“Look! He has ears like me!”
That’s what three-year-old Thomas Patterson excitedly tells his parents when he sees other children with hearing aids or cochlear implants. When he attends Camp TALK, CHoR’s week-long summer camp for children receiving audiology services, Thomas is surrounded by kids “like him.” This year, he was one of 32 children who participated in this unique program designed just for them.
Planning with a purpose
“TALK stands for Talking and Listening Kids. The idea behind the camp is to help children who are deaf learn to listen and develop age-appropriate verbal communication,” says Alison King, CHoR auditory therapist and camp organizer. “We focus on building auditory development, social skills and verbal communication through a cooperative learning environment. Each class integrates literature, shared storybook reading, art, music and cooking into the plans, encouraging the kids to talk and interact. ”
This year marked the fourth annual Camp TALK, which has grown from 10 campers the first year to more than three times that many, plus a waiting list. Campers range in age from 2 ½ to 13 years old. Rie Janek’s daughter, Jorga, has attended every year.
“Jorga was five when she first attended camp. By the end of that first week she was speaking in seven and eight word sentences, something she’d never done before,” says Janek. “She was immersed in a language-based program with trained professionals who knew just what the kids needed.”
Four years later, Jorga is so excited to get to camp she practically pushes her mom out the door in the morning.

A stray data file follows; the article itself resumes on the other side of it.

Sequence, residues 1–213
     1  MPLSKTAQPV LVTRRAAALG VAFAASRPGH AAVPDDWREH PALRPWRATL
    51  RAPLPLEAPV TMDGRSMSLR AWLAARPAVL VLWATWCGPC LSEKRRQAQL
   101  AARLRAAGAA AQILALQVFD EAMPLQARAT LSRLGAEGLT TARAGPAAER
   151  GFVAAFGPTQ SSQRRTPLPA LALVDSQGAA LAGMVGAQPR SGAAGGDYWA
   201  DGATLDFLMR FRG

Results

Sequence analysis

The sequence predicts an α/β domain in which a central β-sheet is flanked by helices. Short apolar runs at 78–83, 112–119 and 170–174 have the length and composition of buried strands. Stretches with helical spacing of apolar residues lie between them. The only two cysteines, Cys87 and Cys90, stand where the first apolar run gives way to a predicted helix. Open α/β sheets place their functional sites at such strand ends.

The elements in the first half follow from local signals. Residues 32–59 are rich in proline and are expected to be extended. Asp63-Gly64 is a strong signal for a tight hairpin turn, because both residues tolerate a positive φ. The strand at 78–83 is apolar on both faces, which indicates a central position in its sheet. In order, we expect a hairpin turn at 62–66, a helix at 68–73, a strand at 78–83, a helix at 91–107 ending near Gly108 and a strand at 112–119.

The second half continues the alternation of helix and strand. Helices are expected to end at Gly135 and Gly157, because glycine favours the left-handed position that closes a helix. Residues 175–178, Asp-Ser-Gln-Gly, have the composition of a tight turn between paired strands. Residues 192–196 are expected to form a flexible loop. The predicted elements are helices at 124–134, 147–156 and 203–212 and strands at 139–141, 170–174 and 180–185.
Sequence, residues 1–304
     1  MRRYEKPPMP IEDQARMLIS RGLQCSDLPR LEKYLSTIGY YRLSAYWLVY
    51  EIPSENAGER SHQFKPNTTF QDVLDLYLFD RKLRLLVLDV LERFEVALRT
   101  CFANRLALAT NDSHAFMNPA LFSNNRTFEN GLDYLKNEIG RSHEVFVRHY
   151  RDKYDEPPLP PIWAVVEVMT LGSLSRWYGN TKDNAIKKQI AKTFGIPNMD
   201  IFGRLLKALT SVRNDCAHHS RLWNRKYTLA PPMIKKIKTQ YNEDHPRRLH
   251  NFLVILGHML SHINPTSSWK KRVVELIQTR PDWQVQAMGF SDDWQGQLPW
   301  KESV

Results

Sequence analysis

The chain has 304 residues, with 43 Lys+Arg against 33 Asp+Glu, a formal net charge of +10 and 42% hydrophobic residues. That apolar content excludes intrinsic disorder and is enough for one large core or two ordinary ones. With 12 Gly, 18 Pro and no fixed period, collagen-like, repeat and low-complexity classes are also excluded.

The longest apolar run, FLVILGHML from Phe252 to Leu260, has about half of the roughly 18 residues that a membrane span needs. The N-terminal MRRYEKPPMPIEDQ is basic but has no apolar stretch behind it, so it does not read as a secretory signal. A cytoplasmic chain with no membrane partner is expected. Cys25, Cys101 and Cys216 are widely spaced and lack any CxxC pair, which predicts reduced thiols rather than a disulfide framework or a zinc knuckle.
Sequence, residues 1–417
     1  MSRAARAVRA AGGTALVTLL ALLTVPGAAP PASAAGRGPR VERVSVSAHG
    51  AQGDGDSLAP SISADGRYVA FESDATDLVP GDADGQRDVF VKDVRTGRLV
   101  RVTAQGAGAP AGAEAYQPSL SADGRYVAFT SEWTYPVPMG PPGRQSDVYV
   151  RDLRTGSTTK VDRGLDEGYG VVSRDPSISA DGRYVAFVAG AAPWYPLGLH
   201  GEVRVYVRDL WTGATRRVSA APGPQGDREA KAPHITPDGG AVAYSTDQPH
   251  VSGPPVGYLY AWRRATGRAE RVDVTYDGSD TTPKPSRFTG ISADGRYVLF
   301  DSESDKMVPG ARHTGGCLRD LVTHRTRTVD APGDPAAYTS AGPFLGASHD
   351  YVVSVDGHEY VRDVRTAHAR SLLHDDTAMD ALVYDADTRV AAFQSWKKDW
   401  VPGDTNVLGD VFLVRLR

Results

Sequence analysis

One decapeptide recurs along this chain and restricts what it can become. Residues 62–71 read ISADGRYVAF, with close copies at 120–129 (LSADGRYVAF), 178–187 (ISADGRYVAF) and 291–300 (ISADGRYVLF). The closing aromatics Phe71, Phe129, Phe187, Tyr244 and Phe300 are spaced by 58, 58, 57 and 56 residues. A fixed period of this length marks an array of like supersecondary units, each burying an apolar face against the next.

Themes packed with fun
Activities vary based on the theme, which is different each year. This year’s western theme included square dancing, a petting zoo, panning for gold and a general store where campers turned in their gold for treasures to take home. Both Jorga and Thomas loved the special arts and crafts as well.
“The leaders plan all kinds of educational activities. The kids think they’re having fun – and they are – but they’re also being exposed to the types of vocabulary and language they need to develop,” says Shannon Patterson, Thomas’s mother. “The curriculum is amazing. It’s both instructional and therapeutic.”
For Mom and Dad, too
The camp isn’t just for children. Parent education sessions run simultaneously, with a variety of speakers. This year’s presenters included a surgeon and host of other professionals, along with a teenager who offered a personal perspective of what it’s like navigating school, friends, sports and other aspects of growing up with a hearing impairment.
“As a mom, it’s given me an opportunity to meet other parents. It’s nice to be around them, compare notes, share knowledge and learn new information,” adds Ms. Janek, whose younger child went to the camp’s sibling room so Mom could focus on the parent sessions. “It’s hard to see your child standing on the sidelines. That’s not what happens here. The kids are not forced, but they’re motivated to play and interact with each other. Parents are encouraged too. We’re not alone here.”
Until next year!
The camp is a team effort made possible through grant funding from the MCV Hospitals Auxiliary. In addition to the CHoR audiology team members who plan and oversee the activities, more than 30 volunteers help to ensure that the week is both fun and educational for everyone involved. This year’s program may have just wrapped up, but we’re already planning and looking forward to Camp TALK 2018: Space Camp!
“These are regular kids, just kids who want the chance to have a fun summer camp experience with their peers.”
-Shannon Patterson, mom to Thomas, 3